introduction to trueSpace
trueSpace is by far the easiest 3D program to learn and the most fun to
use. All modeling and animation take place in one modeless interface.
It is the interface above all that seems to foster a sense of creativity
that is not found in other 3D programs.
These tutorials will be focusing on the modeling tools available in
the program, by working through them I think you will find that
there will be no object you can imagine that you will not be able to
trueSpace tutorial one
How to approach modeling in 3D space
This tutorial will be useful to Artists who are new to 3D animation and
serves as a introduction to trueSpace. It will show you how to apply 2D
visual skills to making 3D objects.
When you start trueSpace the default scene view is the perspective view,
if you are new to 3D it is natural to assume that this is the view you would
use to model 3D objects. This is wrong!
This perspective view is useful for checking objects after they are
created as it
gives you a view at a 45 degree angle, giving you naturally perspective information.
You model objects using the front and top view. Why is this? Lets take a look.
the front view
If we take a simple sphere viewed from the front, you will notice that it is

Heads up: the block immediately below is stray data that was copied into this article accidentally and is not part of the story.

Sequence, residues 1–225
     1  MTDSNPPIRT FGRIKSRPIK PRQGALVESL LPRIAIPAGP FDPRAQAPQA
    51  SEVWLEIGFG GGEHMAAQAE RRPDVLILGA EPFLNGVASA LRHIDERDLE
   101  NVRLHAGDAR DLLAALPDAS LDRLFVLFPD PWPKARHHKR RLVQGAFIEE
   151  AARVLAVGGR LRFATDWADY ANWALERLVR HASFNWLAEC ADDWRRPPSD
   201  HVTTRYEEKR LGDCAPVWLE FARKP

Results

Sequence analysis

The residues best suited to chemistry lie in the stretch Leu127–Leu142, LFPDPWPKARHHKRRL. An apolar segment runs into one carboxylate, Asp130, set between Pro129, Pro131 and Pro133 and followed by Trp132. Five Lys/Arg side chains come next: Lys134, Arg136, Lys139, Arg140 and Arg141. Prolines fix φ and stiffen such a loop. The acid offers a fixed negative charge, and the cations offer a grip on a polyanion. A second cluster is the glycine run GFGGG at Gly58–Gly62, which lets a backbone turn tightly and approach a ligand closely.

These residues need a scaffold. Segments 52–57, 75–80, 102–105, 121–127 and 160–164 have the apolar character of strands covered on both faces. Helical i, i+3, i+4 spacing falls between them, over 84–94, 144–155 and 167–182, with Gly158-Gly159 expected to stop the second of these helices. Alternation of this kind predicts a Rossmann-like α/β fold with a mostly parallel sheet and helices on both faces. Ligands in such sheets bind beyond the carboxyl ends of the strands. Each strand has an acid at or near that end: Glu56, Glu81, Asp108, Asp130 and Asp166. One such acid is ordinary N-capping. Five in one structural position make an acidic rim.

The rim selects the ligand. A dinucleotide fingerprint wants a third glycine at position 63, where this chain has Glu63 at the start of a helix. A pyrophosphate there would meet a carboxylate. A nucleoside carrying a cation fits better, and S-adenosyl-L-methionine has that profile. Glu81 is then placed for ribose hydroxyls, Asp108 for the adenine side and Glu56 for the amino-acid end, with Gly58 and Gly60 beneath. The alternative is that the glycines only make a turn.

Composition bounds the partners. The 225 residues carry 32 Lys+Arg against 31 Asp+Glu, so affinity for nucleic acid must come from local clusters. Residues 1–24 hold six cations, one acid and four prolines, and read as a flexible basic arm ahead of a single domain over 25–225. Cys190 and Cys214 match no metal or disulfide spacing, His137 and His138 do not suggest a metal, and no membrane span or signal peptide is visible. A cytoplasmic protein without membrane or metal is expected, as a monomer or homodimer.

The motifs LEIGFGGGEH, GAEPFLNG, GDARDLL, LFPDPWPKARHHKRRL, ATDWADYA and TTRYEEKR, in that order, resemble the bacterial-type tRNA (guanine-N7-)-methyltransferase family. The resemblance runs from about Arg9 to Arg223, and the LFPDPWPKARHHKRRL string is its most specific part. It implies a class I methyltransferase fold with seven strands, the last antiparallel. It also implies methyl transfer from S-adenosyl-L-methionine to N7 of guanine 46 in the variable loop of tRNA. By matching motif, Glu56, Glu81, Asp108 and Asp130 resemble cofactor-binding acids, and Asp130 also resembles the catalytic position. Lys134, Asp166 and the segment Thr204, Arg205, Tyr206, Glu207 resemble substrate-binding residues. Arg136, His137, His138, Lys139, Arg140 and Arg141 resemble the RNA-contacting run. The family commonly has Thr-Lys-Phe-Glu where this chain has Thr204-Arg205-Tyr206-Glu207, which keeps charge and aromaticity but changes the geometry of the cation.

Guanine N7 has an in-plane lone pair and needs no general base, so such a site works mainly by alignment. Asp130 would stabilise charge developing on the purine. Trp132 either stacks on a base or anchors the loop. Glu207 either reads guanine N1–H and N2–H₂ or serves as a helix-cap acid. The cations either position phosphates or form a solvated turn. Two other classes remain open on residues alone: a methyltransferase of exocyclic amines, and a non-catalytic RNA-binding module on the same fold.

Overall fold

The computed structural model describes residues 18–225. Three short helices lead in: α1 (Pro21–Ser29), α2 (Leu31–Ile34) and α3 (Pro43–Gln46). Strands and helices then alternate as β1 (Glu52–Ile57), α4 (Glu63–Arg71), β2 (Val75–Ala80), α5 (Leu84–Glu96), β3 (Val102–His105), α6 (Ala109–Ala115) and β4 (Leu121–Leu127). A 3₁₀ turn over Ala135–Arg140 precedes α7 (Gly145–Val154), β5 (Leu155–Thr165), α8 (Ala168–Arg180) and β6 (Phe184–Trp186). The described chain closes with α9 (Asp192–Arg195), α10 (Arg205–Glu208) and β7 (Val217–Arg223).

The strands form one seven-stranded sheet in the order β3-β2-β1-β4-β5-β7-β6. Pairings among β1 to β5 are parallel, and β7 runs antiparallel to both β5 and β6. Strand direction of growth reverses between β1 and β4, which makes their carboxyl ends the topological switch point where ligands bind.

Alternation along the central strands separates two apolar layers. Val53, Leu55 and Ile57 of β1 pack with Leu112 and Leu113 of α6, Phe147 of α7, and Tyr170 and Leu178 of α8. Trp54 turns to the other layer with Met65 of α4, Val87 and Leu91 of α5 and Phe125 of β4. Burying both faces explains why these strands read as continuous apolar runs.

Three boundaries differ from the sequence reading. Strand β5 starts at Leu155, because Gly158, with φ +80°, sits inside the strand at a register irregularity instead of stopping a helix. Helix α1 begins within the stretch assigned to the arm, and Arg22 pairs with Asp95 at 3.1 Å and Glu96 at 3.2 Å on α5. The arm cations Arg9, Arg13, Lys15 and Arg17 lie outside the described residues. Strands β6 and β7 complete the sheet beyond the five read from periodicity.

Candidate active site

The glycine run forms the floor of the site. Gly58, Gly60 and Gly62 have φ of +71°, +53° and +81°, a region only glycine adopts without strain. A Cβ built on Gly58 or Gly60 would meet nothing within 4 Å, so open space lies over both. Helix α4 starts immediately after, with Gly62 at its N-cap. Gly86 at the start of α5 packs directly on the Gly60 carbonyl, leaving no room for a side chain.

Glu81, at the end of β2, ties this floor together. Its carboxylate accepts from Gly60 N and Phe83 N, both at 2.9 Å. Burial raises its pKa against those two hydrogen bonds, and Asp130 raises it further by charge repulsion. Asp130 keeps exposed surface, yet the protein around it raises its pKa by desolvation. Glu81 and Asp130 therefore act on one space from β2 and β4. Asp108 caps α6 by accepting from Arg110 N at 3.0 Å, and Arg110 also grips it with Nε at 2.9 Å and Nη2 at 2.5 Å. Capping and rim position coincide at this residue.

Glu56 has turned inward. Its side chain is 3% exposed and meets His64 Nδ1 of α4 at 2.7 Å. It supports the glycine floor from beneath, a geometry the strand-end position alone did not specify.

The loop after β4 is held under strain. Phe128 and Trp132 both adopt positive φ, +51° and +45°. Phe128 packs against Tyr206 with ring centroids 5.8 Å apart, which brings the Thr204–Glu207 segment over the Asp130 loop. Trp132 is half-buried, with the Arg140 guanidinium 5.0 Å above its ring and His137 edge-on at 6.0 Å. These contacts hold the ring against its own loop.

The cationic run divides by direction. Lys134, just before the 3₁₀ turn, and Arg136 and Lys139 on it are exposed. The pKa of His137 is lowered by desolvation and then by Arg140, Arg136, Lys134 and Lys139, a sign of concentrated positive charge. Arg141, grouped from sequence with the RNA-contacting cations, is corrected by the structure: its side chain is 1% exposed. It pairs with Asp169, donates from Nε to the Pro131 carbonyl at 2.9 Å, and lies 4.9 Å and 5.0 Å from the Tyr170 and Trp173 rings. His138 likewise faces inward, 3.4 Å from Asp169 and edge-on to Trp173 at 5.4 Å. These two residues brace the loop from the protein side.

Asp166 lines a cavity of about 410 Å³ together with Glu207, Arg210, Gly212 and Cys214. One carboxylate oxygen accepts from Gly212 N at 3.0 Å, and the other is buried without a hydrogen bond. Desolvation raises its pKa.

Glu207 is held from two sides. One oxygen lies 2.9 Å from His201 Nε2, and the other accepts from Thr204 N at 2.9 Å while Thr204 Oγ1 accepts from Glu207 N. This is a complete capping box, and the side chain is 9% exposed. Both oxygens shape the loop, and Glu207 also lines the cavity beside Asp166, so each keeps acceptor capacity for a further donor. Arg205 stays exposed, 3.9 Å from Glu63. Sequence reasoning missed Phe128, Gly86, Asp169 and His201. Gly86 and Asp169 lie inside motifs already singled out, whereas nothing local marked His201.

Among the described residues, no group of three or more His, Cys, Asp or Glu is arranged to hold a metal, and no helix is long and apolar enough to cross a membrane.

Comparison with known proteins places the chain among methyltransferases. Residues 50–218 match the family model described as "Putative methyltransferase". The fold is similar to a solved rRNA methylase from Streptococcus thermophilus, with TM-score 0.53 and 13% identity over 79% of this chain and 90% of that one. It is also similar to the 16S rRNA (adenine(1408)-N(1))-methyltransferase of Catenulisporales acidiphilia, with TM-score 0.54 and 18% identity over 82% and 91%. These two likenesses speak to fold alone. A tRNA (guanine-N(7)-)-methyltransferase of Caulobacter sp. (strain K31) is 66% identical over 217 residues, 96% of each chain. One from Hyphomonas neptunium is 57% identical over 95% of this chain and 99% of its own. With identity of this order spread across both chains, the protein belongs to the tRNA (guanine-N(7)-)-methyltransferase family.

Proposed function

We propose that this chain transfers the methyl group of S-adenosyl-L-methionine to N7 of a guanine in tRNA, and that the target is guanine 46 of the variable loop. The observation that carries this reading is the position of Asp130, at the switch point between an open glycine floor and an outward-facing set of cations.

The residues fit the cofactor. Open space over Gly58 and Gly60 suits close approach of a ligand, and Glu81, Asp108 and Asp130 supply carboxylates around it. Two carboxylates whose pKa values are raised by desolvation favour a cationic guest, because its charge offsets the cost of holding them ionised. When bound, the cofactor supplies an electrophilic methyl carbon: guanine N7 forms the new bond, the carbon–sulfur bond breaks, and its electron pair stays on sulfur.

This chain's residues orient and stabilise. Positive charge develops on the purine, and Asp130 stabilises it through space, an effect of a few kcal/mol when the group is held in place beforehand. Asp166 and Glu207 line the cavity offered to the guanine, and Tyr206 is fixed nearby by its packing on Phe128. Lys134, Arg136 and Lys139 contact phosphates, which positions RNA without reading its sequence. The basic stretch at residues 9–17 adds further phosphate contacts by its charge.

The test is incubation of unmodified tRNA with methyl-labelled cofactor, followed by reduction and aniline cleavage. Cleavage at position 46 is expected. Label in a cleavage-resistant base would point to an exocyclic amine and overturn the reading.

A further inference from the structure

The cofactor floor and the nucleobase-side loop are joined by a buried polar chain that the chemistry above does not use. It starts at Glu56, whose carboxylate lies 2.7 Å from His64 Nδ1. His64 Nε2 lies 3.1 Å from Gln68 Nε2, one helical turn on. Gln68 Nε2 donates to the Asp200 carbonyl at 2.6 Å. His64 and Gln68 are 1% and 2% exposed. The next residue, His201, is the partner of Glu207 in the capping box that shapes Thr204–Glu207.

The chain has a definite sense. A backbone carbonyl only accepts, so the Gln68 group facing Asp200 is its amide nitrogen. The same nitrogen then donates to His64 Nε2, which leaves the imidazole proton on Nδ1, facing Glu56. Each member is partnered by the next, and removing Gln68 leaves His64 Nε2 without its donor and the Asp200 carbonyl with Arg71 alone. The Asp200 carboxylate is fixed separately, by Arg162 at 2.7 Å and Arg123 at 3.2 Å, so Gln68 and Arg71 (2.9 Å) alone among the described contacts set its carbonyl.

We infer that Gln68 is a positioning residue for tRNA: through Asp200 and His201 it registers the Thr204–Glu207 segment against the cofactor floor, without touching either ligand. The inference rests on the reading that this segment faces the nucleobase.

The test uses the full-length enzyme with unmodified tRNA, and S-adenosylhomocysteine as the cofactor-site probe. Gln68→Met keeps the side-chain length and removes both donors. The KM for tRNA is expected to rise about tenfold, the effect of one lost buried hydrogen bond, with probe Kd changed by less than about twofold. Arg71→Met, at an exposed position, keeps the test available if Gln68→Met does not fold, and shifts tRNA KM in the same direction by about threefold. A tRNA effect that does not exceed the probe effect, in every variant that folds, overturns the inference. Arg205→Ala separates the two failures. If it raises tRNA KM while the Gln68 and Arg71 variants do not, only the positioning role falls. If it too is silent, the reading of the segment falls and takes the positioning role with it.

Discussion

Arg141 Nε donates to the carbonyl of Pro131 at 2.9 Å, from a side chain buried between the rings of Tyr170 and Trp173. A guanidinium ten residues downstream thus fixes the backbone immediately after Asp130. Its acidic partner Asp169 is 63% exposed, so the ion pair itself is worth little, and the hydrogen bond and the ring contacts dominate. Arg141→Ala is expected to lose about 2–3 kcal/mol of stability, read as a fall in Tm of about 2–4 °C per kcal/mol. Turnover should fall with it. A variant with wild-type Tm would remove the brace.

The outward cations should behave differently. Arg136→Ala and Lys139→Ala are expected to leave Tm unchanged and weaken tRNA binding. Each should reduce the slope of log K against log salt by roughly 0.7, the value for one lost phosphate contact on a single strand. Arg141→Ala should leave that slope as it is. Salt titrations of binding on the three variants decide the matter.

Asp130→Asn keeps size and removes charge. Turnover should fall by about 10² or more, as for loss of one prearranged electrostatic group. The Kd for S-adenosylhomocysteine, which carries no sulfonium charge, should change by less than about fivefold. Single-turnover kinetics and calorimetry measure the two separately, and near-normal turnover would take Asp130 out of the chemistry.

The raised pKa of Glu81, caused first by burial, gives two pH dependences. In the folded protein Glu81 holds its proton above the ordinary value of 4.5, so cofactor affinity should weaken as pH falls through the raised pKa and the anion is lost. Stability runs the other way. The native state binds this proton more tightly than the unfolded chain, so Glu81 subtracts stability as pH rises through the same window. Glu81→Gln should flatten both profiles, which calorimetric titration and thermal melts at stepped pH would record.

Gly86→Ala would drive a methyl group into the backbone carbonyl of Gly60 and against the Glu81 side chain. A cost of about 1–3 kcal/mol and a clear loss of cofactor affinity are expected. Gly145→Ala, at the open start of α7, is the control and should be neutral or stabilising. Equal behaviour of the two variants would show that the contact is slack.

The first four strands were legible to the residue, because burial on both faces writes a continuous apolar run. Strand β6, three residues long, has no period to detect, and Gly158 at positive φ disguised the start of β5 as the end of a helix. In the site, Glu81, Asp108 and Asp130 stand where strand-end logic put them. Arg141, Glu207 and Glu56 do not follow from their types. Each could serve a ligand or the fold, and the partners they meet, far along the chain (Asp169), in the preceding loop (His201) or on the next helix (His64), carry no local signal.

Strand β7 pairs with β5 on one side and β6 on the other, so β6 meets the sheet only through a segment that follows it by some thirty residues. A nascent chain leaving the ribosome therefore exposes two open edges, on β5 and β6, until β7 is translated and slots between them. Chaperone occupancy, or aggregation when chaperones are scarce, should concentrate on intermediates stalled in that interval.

completely flat like a 2D image of a sphere. By flattening the object we are
able to see its proportions to see if they appear correct as if it were a 2D
image. If we are happy with the way it looks, the only thing we need to ensure
that it will look correct as a 3D object from any angle, is depth information.
We get that information from the top view.
the top view
The same view of the sphere from the top looking directly down on it
is also completely flat. We only have to concern ourselves with how it
looks as a 2D image, are the proportions correct? If they are correct as a
flat 2D image from both the top and front view, then, we can be sure that
the proportions will be correct for the 3D object viewed from any angle.
So, the only windows to have open for modeling are:
The main screen would be the front view, along with a small window
for the top view. Modeling would take place in the front
view and you would check the top view for depth information.
The above approach may sound simple, but, it forms the foundation of
how I approach modeling and navigating 3D space.
navigate in 3D space
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